(Cross-posted from For Immediate Release, Shel’s and my podcast blog.)

FIR Book Review: The Mobile Mind Shift, by Ted Schadler, Josh Bernoff, and Julie Ask

The Mobile Mind ShiftThe Mobile Mind Shift: Engineer Your Business to Win in the Mobile Moment provides the first comprehensive overview of what it takes to develop mobile resources that accommodate the growing expectations of users who increasingly turn first to mobile devices.

FIR co-host Shel Holtz reviews the book written by three Forrester Research analysts: Ted Schadler, technology analyst; Josh Bernoff, senior vice president of Idea Development; and Julie Ask, mobile analyst.

From the book description on Amazon:

“Mobile has reprogrammed your customers’ brains.

“Your customers now turn to their smartphones for everything. What’s tomorrow’s weather? Is the flight on time? Where’s the nearest store, and is this product cheaper there? Whatever the question, the answer is on the phone. This Pavlovian response is the mobile mind shift ù the expectation that I can get what I want, anytime, in my immediate context.

“Your new battleground for customers is this mobile moment – the instant in which your customer is seeking an answer. If you’re there for them, they’ll love you; if you’re not, you’ll lose their business. Both entrepreneurial companies like Dropbox and huge corporations like Nestlé are winning in that mobile moment. Are you?

“Based on 200 interviews with entrepreneurs and major companies across the globe, The Mobile Mind Shift is the first book to explain how you can exploit mobile moments.”

Listen Now:

Get this Podcast:

The Mobile Mind Shift: Engineer Your Business to Win in the Mobile Moment

Publisher: Groundswell Press
Hardcover, 272 pages
Published June 2014
ISBN-10: 0991361008
ISBN-13: 978-0991361007

Purchase at Amazon US (US Kindle edition), Amazon Canada (Canada Kindle Edition), or Amazon UK (UK Kindle edition).

FIR Community on Google+Share your comments or questions about this podcast, or suggestions for future reviews, in the online FIR Podcast Community on Google+.

You can also send us instant voicemail via SpeakPipe, right from the FIR website. Or, call the Comment Line at +1 415 895 2971 (North America), +44 20 3239 9082 (Europe), or Skype: fircomments. You can tweet us: @FIRpodcast. And you can email us at fircomments@gmail.com. If you wish, you can email your comments, questions and suggestions as MP3 file attachments (max. 3 minutes / 5Mb attachment, please!). We’ll be happy to see how we can include your audio contribution in a show.

To receive all For Immediate Release podcasts including the weekly Hobson and Holtz Report, subscribe to the full RSS feed.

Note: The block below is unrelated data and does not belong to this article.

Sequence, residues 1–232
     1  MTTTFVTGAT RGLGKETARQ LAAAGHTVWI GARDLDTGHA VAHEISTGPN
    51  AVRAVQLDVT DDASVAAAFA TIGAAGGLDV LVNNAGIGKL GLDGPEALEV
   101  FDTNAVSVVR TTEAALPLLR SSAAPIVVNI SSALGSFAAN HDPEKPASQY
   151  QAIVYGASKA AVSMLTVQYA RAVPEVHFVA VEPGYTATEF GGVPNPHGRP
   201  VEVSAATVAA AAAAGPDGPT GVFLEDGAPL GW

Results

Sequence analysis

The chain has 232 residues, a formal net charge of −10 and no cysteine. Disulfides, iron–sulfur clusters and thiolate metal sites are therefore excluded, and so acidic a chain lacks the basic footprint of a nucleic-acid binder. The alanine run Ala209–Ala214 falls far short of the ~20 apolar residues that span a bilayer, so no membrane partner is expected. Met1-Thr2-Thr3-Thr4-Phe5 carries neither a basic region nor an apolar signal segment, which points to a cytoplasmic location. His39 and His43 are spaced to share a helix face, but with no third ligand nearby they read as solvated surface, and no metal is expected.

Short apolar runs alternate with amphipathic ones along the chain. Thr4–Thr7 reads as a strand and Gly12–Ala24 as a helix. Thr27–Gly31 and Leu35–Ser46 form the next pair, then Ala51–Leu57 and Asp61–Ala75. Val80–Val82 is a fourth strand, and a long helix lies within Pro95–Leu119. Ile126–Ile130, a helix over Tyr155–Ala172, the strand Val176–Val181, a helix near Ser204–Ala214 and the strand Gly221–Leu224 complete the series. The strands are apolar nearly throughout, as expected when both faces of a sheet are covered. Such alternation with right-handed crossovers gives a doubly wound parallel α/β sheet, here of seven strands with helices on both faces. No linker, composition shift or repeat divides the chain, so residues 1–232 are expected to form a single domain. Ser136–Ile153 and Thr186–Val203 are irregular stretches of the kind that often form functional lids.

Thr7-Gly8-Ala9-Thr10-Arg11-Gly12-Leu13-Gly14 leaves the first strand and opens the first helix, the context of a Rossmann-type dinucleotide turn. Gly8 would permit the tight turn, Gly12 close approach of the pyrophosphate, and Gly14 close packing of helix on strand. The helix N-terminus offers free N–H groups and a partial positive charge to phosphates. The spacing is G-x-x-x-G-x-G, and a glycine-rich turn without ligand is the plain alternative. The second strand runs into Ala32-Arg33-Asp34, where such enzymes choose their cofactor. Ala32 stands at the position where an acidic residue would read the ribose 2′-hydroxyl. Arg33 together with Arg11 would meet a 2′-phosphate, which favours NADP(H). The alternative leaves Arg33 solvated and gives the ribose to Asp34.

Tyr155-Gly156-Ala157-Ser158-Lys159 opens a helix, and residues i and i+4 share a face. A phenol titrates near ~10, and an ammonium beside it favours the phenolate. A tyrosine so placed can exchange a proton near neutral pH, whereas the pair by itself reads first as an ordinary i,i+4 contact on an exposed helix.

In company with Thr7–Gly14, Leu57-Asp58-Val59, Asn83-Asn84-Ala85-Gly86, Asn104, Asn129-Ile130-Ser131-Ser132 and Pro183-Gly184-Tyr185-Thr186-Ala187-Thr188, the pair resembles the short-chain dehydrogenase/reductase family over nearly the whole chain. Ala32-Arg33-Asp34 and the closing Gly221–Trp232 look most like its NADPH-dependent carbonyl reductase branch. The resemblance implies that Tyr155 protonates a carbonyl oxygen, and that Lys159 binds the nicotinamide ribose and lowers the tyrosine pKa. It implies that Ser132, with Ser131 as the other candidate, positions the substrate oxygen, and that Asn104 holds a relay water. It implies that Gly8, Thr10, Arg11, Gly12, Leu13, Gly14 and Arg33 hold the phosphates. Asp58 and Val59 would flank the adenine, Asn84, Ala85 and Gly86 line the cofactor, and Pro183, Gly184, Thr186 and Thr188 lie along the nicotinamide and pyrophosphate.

This FIR Book Review podcast is brought to you with Lawrence Ragan Communications, serving communicators worldwide for 35 years. Information: www.ragan.com.

(Cross-posted from For Immediate Release, Shel’s and my podcast blog.)

 

FIR Interview: Ekaterina Walter and Jessica Gioglio, co-authors, The Power of Visual Storytelling

The Power of Visual StorytellingFIR co-host Shel Holtz talks with Ekaterina Walter and Jessica Gioglio, who are out with a brand new book from McGraw Hill, The Power of Visual Storytelling: How to Use Visuals, Videos, and Social Media to Market Your Brand.

The publisher’s description of the book notes:

  • The human brain processes visuals 60,000 times faster than text.
  • Web posts with visuals drive up to 180% more engagement than those without.
  • Viewers spend 100% more time on web pages with videos.

Filled with full-color images and thought-provoking examples from leading companies, The Power of Visual Storytelling explains how to grow your business and strengthen your brand by leveraging photos, videos, infographics, presentations, and other rich media. The book delivers a powerful road map for getting started, while inspiring new levels of creativity within organizations of all types and sizes.

Listen Now:

Get this podcast:

About our Conversation Partners

[L to R] Ekaterina Walter and Jessica Gioglio

Ekaterina Walter (left in photo above) led strategic and marketing innovation for brands such as Intel and Accenture, and is currently CMO of Branderati. She is an international speaker and author of the Wall Street Journal bestseller  Think Like Zuck: The Five Business Secrets of Facebook’s Improbably Brilliant CEO Mark Zuckerberg  and co-author of  The Power of Visual Storytelling: How to Use Visuals, Videos, and Social Media to Market Your Brand.

Ekaterina sits on the Board of Directors of the Word of Mouth Marketing Association (WOMMA). Her thought leadership was featured on CNBC, ABC, NBC, Fox News, Forbes, TechCrunch, CNN, WSJ, Inc., Entrepreneur, Huffington Post, and more. You can find her on Twitter: @Ekaterina. Her blog is at ekaterinawalter.com.

Jessica Gioglio (right in photo above) is the social media manager for Dunkin’ Donuts and the co-author of The Power of Visual Storytelling: How to Use Visuals, Videos, and Social Media to Market Your Brand.  Prior to joining Dunkin’ Donuts, Jessica held roles at TripAdvisor, State Street and Comcast. Reach Jessica on Twitter at @savvybostonian.

FIR Community on Google+Share your comments or questions about this podcast, or suggestions for future podcasts, in the online FIR Podcast Community on Google+.

You can also send us instant voicemail via SpeakPipe, right from the FIR website. Or, call the Comment Line at +1 415 895 2971 (North America), +44 20 3239 9082 (Europe), or Skype: fircomments. You can tweet us: @FIRpodcast. And you can email us at fircomments@gmail.com. If you wish, you can email your comments, questions and suggestions as MP3 file attachments (max. 3 minutes / 5Mb attachment, please!). We’ll be happy to see how we can include your audio contribution in a show.